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Leo keen to stay on if FG loses election - and insists he's not interested in a big EU job

‘As a last resort’ Varadkar said he’ll go into government with Fianna Fail to avoid another election.

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TAOISEACH LEO VARADKAR has no plans to take a top job in Europe after this election and wants to lead Fine Gael from the opposition benches. 

Speaking to TheJournal.ie’s general election podcast The Candidate, the Fine Gael leader said he thinks he performed best on last night’s RTÉ election debate with Micheál Martin and Mary Lou McDonald. 

Varadkar said he doesn’t believe his party is heading for a 2002 election result, adding that he thinks Fine Gael will get the most seats. 

EU top job

“First of all that is not going to happen. The opinion polls are within the margin of error, we’re all within 5% of each other. And I believe we will emerge as the largest party after this election. But to answer your hypothetical question, if that’s not the case and if we’re in opposition, I will seek to continue to lead my party and assuming I’m elected as a TD in Dublin West, I will continue to represent the good people of Dublin 15 and Dublin 7 who have trusted me with their vote.

“I have not ever been offered any of these wonderful jobs in Europe that people speculate about, I don’t think any of them are available until 2024 anyway,” he said. 

There has been speculation in political circles that Varadkar will have no interest in sitting in the opposition benches, with suggestions that he would be interested in playing a role in Europe, perhaps around Brexit. 

Last year, Varadkar said he was “flattered” to be linked to the role of the new president of the European Commission but said at the time that he plans to stay put in Ireland as Taoiseach.

general-election-ireland-2020 Leo Varadkar was in TheJournal.ie's HQ this morning to take part in our general election podcast The Candidate. Source: PA Wire/PA Images

Varadkar again ruled out any coalition with Sinn Féin, stating that he could not see a scenario after the election where he would go back to his party and ask the membership if they would consider or approve the two parties in government together. 

“No, and I can’t. The party is unequivocal about this, as I am, that we won’t entertain a coalition with Sinn Féin for reasons we have explained,” he said. 

When put to him that some ministers, such as Regina Doherty, have stated in the past that she would be open to working with the party, he said she did not mean entering government with Sinn Féin.

“That is not the same thing. I am willing to work with them too, and I have in Northern Ireland and on Brexit and we will work with them on issues. The only people talking about going into government with them, into coalition are Fianna Fáil TDs, all over the country,” he claimed.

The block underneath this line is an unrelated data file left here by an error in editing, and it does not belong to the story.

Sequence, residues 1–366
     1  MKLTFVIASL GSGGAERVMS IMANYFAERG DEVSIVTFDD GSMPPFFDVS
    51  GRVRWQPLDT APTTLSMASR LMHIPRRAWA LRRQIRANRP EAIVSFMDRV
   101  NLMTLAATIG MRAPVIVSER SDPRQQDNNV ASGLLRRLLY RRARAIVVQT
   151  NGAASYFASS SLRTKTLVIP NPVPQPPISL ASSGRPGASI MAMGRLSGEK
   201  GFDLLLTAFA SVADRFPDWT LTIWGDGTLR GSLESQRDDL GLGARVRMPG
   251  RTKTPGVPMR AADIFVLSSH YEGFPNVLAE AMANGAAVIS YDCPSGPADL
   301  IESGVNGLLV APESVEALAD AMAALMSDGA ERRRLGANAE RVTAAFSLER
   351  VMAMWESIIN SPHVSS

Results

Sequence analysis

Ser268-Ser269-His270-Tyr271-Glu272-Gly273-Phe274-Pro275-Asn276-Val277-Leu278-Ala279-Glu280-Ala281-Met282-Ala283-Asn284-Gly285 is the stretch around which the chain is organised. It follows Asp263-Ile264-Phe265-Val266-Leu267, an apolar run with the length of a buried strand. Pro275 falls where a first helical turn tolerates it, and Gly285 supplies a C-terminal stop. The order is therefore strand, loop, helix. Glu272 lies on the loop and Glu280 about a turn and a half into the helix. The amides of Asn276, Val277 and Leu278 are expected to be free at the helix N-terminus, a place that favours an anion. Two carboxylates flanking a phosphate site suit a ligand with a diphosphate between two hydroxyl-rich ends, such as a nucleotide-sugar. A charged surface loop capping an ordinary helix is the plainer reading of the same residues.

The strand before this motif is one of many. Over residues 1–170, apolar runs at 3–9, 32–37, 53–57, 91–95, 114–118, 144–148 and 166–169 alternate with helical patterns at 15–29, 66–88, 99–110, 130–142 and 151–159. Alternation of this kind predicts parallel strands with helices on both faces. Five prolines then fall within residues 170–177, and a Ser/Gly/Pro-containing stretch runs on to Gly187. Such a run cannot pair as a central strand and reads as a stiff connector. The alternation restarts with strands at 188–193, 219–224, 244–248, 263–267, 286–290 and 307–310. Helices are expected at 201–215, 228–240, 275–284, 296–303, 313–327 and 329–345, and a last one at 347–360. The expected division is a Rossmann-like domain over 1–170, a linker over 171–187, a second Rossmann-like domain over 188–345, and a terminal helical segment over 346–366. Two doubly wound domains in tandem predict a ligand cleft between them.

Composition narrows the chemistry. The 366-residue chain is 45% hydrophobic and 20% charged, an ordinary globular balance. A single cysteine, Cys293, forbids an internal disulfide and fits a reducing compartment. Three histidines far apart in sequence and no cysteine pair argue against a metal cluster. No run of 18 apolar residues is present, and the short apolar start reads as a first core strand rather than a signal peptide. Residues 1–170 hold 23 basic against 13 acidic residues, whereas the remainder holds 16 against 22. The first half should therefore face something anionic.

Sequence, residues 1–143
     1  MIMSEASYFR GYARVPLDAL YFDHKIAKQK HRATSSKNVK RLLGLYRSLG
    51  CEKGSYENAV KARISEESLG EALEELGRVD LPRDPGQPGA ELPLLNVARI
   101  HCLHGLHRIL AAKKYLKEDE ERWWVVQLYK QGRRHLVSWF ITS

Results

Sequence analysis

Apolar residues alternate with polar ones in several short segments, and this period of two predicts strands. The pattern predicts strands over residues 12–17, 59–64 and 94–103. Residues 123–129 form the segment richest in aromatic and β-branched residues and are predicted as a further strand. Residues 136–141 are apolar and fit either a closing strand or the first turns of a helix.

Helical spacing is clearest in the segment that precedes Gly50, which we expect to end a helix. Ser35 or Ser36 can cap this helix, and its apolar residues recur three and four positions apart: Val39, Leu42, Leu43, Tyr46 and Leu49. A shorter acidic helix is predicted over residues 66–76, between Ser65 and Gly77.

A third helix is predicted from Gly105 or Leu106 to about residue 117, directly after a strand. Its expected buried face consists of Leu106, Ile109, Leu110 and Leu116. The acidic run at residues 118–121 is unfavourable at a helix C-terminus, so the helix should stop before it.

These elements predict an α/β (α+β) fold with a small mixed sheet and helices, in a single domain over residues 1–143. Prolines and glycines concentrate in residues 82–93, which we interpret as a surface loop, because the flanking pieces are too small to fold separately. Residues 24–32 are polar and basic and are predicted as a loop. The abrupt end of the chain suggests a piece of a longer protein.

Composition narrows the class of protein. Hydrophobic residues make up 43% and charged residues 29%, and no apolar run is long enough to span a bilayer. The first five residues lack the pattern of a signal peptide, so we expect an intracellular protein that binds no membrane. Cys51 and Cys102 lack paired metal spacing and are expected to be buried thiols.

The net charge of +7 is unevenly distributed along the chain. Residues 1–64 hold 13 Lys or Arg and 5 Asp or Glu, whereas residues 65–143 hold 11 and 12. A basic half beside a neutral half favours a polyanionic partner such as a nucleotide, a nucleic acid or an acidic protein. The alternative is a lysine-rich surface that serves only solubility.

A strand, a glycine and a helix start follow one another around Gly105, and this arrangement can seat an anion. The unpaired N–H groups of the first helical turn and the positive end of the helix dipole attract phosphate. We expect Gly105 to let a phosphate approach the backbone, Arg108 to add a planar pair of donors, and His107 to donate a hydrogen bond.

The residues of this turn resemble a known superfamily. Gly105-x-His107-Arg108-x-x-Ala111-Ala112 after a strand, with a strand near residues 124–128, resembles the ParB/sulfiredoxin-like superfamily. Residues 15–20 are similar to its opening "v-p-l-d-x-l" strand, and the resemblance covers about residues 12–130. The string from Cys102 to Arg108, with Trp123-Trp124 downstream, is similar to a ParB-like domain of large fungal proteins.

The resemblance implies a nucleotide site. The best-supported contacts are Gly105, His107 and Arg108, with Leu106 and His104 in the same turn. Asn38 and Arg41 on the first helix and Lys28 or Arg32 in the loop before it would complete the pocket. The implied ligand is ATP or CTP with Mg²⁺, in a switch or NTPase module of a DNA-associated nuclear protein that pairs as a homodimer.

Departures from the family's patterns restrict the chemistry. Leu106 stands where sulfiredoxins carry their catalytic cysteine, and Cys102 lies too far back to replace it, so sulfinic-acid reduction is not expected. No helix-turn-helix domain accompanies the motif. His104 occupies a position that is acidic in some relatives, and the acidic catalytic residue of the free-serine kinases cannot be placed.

Varadkar said that Martin will go into government with Mary Lou McDonald, because it is his last chance to become Taoiseach. 

I think he has to. If push comes to shove, because this is his third time, leading Fianna Fáil into a general election, it is his last chance to be Taoiseach. There might be a merry dance for a few weeks and months before it happens.
But I believe he would do it. And he’s already getting signals from all over the country from his TDs that they are up for this. I’m getting the opposite, which is no way, don’t even entertain this. So Fianna Fáil is divided on this, my party is united that we would rather go into opposition then help Sinn Féin go into government.

Martin has repeatedly ruled out any coalition with Sinn Féin and denied his party members are open to the idea. 

A last resort 

Who would he go in with? 

“My preference is of course, is, is a coalition with people we’ve worked with in the past like Labour and Independents and people I think we could work with in the future like [the] Greens and maybe the Social Democrats. But I have said that in a last resort scenario, in order to avoid an unnecessary second election, that we’d be willing to work with Fianna Fáil in those circumstances and I think that’d be the responsible thing to do.”

He said it would not be “desirable” but something he is willing to do.

Does Varadkar see himself standing side-by-side with Micheál Martin in government after Saturday’s vote?  

“I certainly hope not,” he said, adding that he intends to lead a new government with some of the smaller parties. “I hope that is what the people decide to do on Saturday,” said Varadkar, adding: 

I really loving this job and I  feel I am only getting started.

 


Source: The Candidate/SoundCloud

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